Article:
Hungary: Old glory

By Liz Light

Hungary's capital, Budapest, has dusted off the dreary years of communism to become as great and glamorous as it was 100 years ago.

Interior of Stephens Basilica in Budapest, Hungary. Photo / Getty Images
Interior of Stephens Basilica in Budapest, Hungary. Photo / Getty Images

Stroll, shop, eat

Vaci Street, 1.5km long and pedestrian-only, has been Budapest's main shopping street forever. It's lined with neo-classical buildings and has a mix of souvenir, craft, designer and big-brand shops and lots of bars, restaurants and cafes.

This street was made for walking and people-watching, especially on weekends when Budapestans come out in droves to see and be seen and to enjoy long languid lunches at one of many pavement cafes. Russian-imposed communism destroyed the wine and fine food industries but 20 years of freedom have brought both back brilliantly.

To market, to market

Central Market Hall, at the end of Vaci Street, was built in the 1890s soon after the towns of Buda, Pest and Obuda joined to become this big city. It's of great-hall style with elegant iron framing, a roof of bright tiles and the upper walls are glass giving it abundant natural light.

Abundance describes the ambience. The ground floor is overflowing with stalls of fruit, vegetables, pastries, spices, sausages, pickles and other Hungarian culinary specialties.
Upstairs there are craft shops and numerous well-priced eateries specialising in Hungarian food. The best craft buy is Hungarian lace made into mats, tablecloths, curtains and, for the courageous, fancy jackets.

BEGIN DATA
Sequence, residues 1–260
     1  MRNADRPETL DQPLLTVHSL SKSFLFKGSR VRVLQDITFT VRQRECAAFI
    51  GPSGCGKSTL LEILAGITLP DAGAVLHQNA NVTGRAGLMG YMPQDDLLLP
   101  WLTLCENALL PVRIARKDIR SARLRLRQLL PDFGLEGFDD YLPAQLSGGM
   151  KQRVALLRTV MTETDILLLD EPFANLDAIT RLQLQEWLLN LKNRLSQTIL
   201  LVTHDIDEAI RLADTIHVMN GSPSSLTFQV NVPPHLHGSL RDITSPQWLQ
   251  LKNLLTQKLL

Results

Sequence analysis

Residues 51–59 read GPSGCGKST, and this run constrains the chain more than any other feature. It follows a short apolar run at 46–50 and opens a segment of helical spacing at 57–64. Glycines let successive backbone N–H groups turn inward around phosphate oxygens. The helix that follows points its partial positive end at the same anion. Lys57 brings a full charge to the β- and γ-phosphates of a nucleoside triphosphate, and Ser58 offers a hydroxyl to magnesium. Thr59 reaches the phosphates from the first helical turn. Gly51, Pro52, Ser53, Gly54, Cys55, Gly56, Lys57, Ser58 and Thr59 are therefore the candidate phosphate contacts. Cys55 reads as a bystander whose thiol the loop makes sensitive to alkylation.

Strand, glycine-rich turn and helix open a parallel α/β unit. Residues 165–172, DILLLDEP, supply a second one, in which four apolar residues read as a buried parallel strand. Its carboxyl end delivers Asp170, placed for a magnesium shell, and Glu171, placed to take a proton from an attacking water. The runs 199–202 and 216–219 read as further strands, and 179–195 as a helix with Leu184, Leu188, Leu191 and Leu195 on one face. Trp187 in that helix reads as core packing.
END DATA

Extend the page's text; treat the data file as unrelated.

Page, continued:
Cross the Danube

The river slices through Budapest and in the central area five bridges straddle it. There are walking and cycle paths along the banks and strings of fine heritage buildings to be viewed in passing. The river walk gives a broad view of the city and the mighty Danube that is almost always busy with boats.

Don't miss Szechenyi Chain Bridge, a 375m suspension bridge built by British engineers in 1849. It's a vintage industrial marvel suspended by massive iron-link chains and ornate stone towers. Snarling marble lions greet passers-by on this iconic bridge.

Tour the power house

Conceived when the three towns united to become
one city, the Hungarian Parliament building, designed by Imre Steindl, was completed in 1902 after decades in the making. Money was no problem; it required 40 million bricks, a workforce of over 1000, half a million precious stones, 40kg of gold and 242 sculptures. And then there are the fancy gilded columns, stained glass windows and fresco paintings. All this makes it one of the world's finest Gothic revival buildings.

The Hungarian Parliament building was used during communist times but most Hungarians considered communism an imposed sham. The red star the Russians put on the tallest spire came down in 1989 and the democratically elected parliament now meets here with pride. There are guided tours of the interior when parliament is not sitting.

Become a train-spotter

Nyugati Station has classic Victorian train station architecture of iron and glass and was built by the famous French Eiffel Company in 1877. It's big, busy and beautiful but beware of the beggar-types that hang round big European stations. The old dining hall is now home to one of the world's most elegant McDonald's and another claim to fame is that a portion of the 2011 Mission Impossible movie was filmed here.